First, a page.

Stones to store energy

In a resource as abundant and available as stones can be the secret not to lose the wind energy captured and unused, and convert it naturally when there is demand for electricity. This is what German researchers are working on, who estimate that installing insulated containers loaded with rocks for the storage of surpluses could improve the efficiency of a factory of more than 100 megawatts by 50%.

The University of Hamburg, the company Hamburg Energie and Siemens are participating in this project funded by the German Ministry of Economy as part of the Future Energy Systems initiative, with which they seek to store excess energy captured in wind power plants for hours or even a whole day, in a natural, simple and economical way.

The system “This is the essence of simplicity”According to the promoters of this idea, which consists of converting excess energy into heat, which would pass into an insulated container in which the stones would be located, which would retain this heat by reaching temperatures above 600 degrees. As soon as there was a demand for stored energy, the rocks themselves would heat the airflow, producing a cycle of value and generating energy in the process.

The invention is tested in a five meter long container in which, in this phase, natural stones are still replaced by ceramic balls, up to 13,000 of the same size and shape, which facilitates calculations on heat transport and observation of the processes in progress. in the container.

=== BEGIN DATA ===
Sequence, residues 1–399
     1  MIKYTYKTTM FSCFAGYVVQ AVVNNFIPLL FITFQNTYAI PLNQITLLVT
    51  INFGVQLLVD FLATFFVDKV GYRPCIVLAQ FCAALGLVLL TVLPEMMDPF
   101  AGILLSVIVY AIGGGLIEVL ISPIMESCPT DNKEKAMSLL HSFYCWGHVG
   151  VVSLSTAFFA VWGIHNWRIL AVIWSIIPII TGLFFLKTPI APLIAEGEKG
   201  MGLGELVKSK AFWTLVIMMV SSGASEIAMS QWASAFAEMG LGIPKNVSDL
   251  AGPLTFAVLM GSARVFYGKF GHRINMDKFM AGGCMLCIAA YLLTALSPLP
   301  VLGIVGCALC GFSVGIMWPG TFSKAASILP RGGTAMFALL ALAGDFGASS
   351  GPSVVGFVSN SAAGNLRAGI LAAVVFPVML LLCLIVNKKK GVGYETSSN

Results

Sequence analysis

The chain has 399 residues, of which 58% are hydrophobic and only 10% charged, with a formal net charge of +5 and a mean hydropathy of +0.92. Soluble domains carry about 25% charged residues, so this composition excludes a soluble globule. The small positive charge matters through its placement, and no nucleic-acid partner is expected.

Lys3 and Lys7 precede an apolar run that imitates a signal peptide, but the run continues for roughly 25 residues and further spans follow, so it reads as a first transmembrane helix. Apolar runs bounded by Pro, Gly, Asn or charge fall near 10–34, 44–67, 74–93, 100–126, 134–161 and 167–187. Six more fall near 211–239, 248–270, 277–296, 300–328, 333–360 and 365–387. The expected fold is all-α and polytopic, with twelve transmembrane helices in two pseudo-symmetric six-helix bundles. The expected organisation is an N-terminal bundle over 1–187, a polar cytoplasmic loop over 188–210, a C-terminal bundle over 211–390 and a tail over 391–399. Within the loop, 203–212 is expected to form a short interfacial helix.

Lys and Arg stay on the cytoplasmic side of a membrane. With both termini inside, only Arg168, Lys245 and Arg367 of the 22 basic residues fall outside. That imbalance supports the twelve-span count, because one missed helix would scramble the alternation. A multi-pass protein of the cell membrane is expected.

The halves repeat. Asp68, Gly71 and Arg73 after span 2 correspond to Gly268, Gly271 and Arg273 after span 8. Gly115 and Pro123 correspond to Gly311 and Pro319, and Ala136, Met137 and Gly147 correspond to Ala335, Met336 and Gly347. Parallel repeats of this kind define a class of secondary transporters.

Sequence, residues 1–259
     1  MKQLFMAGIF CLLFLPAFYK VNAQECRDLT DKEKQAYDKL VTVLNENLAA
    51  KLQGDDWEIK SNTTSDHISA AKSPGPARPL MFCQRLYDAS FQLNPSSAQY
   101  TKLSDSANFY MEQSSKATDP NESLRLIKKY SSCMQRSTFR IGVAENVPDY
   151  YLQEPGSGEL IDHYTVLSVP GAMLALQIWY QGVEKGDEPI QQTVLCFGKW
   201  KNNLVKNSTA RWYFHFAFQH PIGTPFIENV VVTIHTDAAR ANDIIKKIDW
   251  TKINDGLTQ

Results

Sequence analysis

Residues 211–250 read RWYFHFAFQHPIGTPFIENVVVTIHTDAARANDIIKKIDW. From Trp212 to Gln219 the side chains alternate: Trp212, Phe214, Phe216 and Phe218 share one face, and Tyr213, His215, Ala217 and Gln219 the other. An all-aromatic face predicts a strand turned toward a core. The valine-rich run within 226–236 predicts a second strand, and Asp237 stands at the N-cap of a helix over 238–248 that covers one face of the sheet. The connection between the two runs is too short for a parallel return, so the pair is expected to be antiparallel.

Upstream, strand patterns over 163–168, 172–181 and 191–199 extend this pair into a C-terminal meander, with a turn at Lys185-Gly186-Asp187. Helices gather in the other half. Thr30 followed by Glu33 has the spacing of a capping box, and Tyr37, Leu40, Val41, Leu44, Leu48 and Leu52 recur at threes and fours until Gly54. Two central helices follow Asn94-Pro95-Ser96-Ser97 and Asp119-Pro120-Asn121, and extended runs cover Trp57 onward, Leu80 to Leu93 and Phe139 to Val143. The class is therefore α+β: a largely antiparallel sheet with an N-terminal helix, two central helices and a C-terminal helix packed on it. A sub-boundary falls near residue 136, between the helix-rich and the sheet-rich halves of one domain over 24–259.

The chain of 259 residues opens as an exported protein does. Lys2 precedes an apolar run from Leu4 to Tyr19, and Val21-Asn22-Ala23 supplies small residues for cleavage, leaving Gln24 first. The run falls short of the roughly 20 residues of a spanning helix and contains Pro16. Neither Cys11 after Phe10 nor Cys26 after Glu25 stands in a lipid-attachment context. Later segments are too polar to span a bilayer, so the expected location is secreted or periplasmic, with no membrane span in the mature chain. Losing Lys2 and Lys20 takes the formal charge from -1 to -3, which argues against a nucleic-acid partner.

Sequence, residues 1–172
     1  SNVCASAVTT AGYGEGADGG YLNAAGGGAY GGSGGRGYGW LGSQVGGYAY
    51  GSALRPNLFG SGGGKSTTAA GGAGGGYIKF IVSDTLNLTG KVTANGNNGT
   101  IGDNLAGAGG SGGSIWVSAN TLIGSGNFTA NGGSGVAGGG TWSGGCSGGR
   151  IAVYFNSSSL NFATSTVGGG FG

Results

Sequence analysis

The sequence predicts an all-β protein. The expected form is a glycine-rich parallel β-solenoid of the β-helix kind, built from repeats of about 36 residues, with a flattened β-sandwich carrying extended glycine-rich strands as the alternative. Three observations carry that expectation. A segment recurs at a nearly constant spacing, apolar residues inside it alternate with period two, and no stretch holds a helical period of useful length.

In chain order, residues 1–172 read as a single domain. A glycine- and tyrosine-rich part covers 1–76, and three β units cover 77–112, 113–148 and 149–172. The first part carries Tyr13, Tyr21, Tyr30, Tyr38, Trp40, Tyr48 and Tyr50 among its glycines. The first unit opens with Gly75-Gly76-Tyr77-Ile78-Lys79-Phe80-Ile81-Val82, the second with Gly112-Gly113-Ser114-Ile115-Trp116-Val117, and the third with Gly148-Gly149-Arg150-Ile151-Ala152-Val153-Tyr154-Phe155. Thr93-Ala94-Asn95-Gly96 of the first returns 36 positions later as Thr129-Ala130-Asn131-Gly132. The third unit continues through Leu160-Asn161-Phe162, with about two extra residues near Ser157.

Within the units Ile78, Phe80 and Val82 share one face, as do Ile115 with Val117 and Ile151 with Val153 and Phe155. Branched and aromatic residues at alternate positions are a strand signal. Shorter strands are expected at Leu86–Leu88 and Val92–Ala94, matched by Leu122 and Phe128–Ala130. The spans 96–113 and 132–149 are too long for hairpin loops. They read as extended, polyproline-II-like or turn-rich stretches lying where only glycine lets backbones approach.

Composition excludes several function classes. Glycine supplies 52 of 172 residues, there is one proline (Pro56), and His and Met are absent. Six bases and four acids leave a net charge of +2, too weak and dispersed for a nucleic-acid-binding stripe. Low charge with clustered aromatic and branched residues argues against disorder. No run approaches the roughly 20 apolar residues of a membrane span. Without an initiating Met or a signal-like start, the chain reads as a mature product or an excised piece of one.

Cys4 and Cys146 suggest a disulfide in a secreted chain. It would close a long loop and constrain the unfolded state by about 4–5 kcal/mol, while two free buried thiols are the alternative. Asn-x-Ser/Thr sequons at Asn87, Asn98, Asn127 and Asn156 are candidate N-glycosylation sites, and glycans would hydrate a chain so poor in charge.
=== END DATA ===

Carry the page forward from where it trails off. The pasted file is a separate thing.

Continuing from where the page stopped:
The next step will be to replace the ceramic parts with stones, the high cost of which makes their use impractical for projects on an industrial scale. To mitigate the uncertainties that exist about the effect that different sizes and shapes of rocks can have on heat transport, Researchers are working to identify the type of stone that might provide better results. For now, if they are clear on something, it is that the candidate will have to have high thermal stability, a quality that will improve the efficiency and durability of the storage system.

As they research which stone to use in this system, the researchers attempt to solve one of their biggest unknowns: how to measure heat transport processes inside containers. So far, they have installed 50 thermocouples (sensors for temperature measurement), which will do the same at different points in this space, where they will also check the pressure and air flow.

Although this concept may already be extended, members of the research team will continue to work on it, for which the construction of a pilot plant should start in 2018 in Hamburg which integrates the storage system and the technology necessary to convert heat into electricity.

The planned pilot plant is expected to have an efficiency of 25%, although the researchers believe that a large-scale installation at a plant with an output of more than 100 megawatts could increase its efficiency by 50%, a result they trust. . that this stone-based storage system plays a decisive role in the German energy transition.

More information in Siemens.